Caithness Courier headlines for April 30, 2014

SCRABSTER will be getting a new business park after ambitious plans for a site near the hearbour were approved. Scrabster Harbour Trust's application for the park on 32 acres of former farmland went before Highland Council's north plaznning committee yesterday having been recommended for approval.

CAITHNESS should "grab with open arms" the opportunities renewable energy offers the county as it tries to place the jobs being lost at Dounreay. That was said by Kevin Coyne, the national officer for the Unite Union during a visit to the far north this week with Shadow Energy Minister Tom Greatrex. Mr Coyne, who last visited Caithness two years ago, said the area is well placed to capitalise on the offshore renewable energy opportunities.

A BURY woman has told of her delight in moving from the bright lights of life near Manchester, to the chaos of the lambing season in Caithness. Former care home manager Angela Pope moved to Lybster six years ago after working for years looking after elderly and physically and mentally ill patients.


A CAITHNESS member of a health group has resigned after claiming the public engagement in a wide-ranging review of local services is "minimal". Former Highland councillor David Flear has stepped down from the Health and Social Care Committee with immediate effect. He was one of two patients and public representatives on the body but said it was dominated by health managers.


QUAD bikes are damaging Castletown beach and other parts of the village according to a local community councillor. Innes Moddie said the machines are being used in areas such as the beach, the heritage trail and Battery Road, often in the evening between 10.30 and 11pm . He has also seen the bikes being used on public roads without registration plates.


DESPITE the disappointment of not making it to the top of Mount Everest, a mountaineer made sure to make the most of his trip. Almost a year ago, Bob Kerr who lives in Portskerra, had to back out of his summit attempt on te world's highest peak after developing sight problems. He still came home with some valuable research, as throughout his stay on the mountain he had been measuring the amount of cosmic radiation that people are typically exposed to.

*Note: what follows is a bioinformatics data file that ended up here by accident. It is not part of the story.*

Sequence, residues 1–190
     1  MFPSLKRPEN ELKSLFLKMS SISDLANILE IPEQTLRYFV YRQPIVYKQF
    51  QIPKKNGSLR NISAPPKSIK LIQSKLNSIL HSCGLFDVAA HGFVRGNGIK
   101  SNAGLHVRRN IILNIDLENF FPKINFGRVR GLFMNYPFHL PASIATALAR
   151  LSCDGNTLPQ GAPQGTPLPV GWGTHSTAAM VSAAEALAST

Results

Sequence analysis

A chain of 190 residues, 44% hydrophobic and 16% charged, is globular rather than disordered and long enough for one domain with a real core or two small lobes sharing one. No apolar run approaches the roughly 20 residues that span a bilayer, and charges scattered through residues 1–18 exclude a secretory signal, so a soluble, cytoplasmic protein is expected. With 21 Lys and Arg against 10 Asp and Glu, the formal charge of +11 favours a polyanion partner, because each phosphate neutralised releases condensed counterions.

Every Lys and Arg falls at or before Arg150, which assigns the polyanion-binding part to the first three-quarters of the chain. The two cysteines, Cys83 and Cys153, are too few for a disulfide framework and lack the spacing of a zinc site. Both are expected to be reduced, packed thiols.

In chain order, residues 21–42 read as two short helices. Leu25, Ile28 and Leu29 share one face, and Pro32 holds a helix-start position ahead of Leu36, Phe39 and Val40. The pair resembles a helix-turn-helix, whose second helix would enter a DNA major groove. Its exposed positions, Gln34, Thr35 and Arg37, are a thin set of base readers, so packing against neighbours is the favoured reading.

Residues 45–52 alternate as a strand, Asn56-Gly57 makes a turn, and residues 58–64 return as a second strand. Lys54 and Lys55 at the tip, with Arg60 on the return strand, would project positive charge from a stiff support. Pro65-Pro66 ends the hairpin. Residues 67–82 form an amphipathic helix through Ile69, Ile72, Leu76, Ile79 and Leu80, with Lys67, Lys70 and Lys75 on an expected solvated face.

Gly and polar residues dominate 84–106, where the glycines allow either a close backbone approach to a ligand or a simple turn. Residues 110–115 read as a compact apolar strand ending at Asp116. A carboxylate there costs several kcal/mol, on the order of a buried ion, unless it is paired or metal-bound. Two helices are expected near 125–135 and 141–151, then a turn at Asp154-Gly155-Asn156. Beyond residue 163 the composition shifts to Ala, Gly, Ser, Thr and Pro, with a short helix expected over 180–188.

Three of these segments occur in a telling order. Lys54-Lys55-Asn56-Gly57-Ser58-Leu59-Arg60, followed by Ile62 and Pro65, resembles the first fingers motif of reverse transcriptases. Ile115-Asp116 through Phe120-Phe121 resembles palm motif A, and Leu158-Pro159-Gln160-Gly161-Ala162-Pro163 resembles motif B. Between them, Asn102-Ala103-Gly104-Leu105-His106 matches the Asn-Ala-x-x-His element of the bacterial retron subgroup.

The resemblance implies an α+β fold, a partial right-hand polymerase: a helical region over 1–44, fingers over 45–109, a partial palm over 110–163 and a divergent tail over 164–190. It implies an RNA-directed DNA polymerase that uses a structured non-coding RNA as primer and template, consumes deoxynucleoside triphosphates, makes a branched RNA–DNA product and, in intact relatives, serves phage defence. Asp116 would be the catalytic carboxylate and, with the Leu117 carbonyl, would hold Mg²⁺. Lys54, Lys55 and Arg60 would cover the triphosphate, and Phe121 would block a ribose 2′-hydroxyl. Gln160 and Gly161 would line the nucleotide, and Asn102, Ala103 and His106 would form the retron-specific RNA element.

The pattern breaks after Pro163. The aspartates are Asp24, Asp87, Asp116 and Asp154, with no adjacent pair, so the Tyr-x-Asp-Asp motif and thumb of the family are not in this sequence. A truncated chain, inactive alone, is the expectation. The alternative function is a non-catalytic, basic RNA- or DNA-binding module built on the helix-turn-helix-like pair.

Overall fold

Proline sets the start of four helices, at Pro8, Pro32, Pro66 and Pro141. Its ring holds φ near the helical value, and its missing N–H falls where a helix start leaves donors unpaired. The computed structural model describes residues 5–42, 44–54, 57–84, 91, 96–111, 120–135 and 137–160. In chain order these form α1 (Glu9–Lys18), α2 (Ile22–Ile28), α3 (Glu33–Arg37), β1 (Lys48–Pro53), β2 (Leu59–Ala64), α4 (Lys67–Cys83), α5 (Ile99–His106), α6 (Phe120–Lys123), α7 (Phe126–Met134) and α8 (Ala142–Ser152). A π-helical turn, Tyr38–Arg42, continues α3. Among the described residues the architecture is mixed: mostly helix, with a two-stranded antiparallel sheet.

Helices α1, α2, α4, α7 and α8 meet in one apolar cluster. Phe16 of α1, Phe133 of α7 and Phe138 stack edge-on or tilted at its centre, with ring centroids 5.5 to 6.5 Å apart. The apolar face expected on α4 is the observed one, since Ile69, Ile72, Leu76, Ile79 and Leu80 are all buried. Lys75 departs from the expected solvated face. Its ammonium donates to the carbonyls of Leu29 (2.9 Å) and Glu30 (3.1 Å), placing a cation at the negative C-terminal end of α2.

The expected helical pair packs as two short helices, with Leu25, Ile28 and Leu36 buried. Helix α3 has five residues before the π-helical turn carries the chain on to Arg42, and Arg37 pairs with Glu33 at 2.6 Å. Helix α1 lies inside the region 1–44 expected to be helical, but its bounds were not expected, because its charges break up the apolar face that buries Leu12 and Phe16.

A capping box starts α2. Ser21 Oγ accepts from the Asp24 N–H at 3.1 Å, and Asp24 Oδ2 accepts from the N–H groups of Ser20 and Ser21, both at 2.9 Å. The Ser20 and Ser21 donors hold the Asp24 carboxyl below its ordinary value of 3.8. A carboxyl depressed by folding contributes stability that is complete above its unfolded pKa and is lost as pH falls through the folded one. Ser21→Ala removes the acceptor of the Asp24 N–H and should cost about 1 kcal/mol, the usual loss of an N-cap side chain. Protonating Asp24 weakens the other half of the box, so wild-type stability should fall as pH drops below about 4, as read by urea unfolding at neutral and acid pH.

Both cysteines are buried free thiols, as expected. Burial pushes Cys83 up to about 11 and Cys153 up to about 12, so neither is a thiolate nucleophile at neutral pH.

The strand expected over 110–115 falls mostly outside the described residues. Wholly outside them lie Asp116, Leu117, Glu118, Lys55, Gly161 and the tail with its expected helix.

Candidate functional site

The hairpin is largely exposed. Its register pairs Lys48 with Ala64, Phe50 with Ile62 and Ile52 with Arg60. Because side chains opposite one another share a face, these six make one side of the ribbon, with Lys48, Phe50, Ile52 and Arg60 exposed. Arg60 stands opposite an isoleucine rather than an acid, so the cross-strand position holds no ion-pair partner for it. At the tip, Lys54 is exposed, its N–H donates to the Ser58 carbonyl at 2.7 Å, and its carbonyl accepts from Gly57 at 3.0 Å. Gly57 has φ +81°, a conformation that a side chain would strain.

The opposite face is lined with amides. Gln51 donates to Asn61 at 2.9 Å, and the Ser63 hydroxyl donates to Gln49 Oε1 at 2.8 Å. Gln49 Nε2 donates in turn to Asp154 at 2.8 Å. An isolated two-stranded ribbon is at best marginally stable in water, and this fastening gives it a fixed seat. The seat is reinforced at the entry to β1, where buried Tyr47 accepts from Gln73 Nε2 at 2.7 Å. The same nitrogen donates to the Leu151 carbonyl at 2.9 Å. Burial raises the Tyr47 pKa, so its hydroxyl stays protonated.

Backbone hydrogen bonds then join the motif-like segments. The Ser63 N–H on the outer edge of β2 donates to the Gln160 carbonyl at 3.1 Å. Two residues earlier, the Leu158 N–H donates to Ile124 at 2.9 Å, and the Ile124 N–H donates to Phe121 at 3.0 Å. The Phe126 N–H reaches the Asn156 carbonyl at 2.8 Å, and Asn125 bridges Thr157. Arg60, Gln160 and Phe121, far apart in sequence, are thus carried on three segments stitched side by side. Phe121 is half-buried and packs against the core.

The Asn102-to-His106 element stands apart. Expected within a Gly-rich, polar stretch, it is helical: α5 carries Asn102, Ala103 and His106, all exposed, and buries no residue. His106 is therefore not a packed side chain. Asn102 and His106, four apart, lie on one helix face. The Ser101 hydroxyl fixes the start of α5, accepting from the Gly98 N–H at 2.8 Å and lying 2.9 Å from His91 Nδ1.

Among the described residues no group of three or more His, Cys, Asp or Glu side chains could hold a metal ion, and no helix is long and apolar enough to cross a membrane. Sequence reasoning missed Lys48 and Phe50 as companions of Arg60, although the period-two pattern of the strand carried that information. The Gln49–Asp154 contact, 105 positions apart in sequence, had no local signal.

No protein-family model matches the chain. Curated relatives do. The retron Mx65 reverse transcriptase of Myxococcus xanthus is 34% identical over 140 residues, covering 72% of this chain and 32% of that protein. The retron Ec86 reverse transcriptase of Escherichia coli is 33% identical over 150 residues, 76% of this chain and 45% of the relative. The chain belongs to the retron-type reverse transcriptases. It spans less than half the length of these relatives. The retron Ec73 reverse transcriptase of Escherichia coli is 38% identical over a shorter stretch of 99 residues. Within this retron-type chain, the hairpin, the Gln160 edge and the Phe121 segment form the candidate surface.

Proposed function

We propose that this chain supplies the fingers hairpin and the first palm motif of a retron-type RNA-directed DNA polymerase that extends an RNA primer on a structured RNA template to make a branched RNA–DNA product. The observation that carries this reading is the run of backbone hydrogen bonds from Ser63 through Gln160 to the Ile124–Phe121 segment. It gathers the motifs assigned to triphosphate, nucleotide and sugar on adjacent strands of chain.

WICK High School rector Tom McIntyre will resign at the end of this term to take up a job as headmaster of a top international school in Dubai which is spending over 40 million on a new campus. Mr McIntyre has worked in Wick for almost four years and has been involved with the planning of the replacement high school in the town, work on which is getting underway. He said: "The number of international schools they have there is growing by the day - they want to expand and want me to lay down the foundations for that."


LIGHTS, cameras, action!. Film crews travelled the length and breadth of Caithness as six short movies written by local writers were filmed over the weekend. Creative students from North Highland College UHI sat in the director's chair as they watched their written pieces bveing brought to life in front of their eyes. The Seven Roads to the Far North project is designed to give talented storytellers based in Caithness the opportunity to create their own five minutes film.


A WIDENING gap is emerging between the best and worst care for people living with multiple sclerosis in the UK according to the MS Society which says thousands of sufferers are not taking every treatment and many remain in the dark about the drugs that have the potential to alter the conditions devastating progress.